Risk factorCategoryPrevalence of anemia (%)Crude OR (95% CI)Crude PAdjusted OR (95% CI)Adjusted P
* IL = interleukin; TNF = tumor necrosis factor; IFN = interferon. Bold numbers indicate statistical significance.
† By partial log-likelihood ratio test in a multivariate logistic regression model including all the variables in the table.
Maternal age (years)>2030.7Referent
≤2035.51.2 (0.7–2.1)0.441.0 (0.5–2.1)0.99
GravidityMultigravidae31.3Referent
Primigravidae32.41.0 (0.7–1.7)0.841.2 (0.7–2.3)0.48
Placental parasitemia024.4Referent
<0.1%34.81.6 (0.7–4.1)1.4 (0.5–4.0)
0.1–1.0%43.82.4 (1.3–4.6)0.0022.4 (1.2–5.0)0.042
>1.0%48.32.9 (1.6–5.3)2.3 (1.1–4.6)
IL-10Below median26.0Referent
Above median40.21.9 (1.1–3.2)0.021.6 (0.9–2.8)0.14
TNF-αBelow median28.2Referent
Above median35.11.4 (0.9–2.2)0.171.0 (0.6–1.7)0.94
TNF-α/IL-10Above median34.1Referent
Below median31.60.9 (0.5–1.5)0.67Not included
Figure 1.
Figure 1.

Distribution of placental parasitemia in women with pre-term deliveries (PTDs) and full-term deliveries (FTDs). Women with PTDs (black bars) and FTDs (shaded bars) were stratified into five categories based on their level of placental parasitemia. Only 30% of women in the PTD group had parasitemias less than 1% compared with 59% of women in the FTD group.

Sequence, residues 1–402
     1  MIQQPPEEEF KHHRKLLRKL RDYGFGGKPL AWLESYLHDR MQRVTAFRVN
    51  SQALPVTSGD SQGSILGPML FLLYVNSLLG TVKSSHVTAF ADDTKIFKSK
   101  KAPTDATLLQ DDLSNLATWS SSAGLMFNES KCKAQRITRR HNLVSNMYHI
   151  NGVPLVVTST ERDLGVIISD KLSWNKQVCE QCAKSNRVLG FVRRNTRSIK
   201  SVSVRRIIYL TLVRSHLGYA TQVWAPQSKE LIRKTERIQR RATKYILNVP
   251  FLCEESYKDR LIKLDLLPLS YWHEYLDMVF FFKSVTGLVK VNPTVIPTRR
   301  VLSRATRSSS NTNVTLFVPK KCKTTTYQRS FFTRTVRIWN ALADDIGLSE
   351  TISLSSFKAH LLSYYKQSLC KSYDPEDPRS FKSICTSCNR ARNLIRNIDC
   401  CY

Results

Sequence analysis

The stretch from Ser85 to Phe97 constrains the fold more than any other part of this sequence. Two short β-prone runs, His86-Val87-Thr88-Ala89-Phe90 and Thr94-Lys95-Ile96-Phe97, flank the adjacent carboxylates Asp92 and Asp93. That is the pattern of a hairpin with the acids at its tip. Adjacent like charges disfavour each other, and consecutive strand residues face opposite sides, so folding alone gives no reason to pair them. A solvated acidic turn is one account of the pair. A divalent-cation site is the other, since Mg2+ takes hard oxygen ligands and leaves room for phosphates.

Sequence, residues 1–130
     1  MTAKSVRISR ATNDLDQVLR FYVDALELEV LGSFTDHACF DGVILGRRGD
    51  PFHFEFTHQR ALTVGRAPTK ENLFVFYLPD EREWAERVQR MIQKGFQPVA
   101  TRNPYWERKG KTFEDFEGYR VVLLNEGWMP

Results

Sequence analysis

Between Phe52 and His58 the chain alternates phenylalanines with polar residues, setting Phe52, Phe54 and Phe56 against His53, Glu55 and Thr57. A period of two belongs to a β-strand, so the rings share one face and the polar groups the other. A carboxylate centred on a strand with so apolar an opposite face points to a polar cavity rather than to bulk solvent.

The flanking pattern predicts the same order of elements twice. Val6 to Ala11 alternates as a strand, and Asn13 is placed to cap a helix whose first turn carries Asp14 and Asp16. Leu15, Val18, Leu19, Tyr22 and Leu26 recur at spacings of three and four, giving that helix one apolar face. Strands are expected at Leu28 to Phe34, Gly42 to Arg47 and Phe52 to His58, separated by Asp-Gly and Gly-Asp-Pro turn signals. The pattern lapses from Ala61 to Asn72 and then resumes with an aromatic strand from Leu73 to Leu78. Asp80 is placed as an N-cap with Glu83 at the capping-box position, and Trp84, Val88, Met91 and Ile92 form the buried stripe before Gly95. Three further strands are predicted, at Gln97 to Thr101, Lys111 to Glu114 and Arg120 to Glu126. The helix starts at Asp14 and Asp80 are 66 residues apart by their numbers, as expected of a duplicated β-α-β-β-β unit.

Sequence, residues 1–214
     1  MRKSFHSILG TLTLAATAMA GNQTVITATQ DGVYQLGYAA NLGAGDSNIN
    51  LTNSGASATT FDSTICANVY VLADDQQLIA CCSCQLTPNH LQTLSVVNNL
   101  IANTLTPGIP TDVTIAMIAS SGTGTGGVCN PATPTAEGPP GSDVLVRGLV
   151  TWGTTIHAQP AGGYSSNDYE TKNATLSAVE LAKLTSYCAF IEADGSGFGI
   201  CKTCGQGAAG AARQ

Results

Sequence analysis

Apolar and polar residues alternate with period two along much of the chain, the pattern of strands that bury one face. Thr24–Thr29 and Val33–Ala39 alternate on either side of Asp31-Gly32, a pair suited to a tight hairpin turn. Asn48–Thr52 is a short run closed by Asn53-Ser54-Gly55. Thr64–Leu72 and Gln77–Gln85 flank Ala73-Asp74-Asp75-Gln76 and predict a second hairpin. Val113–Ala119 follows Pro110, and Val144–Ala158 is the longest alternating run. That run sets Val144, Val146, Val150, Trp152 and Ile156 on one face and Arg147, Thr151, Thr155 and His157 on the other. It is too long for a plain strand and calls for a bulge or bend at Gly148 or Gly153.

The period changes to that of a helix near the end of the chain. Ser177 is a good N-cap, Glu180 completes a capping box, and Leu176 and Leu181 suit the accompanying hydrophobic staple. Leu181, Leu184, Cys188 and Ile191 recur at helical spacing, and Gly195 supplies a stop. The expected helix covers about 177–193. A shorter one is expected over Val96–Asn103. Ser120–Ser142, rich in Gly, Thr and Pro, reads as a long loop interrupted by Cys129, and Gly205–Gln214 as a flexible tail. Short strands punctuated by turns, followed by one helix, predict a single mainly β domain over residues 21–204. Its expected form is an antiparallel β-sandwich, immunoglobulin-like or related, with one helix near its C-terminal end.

Citation: The American Journal of Tropical Medicine and Hygiene Am J Trop Med Hyg 69, 6; 10.4269/ajtmh.2003.69.574

Figure 2.
Figure 2.

Cytokine levels in placental plasma. Placental plasma levels of interferon-γ (IFN-γ), tumor necrosis factor-α (TNF-α), interleukin-4 (IL-4), and IL-10 are displayed in box plots with the median values represented by the horizontal line within each box for malaria-negative and malaria-positive women with pre-term deliveries (PTDs) and full-term deliveries (FTDs). The shaded regions represent the interquartile ranges while the upper and lower vertical bars represent the 90th and 10th percentiles, respectively. The Wilcoxon sum rank test was used to detect significant differences between the groups compared. P < 0.05 was considered significant.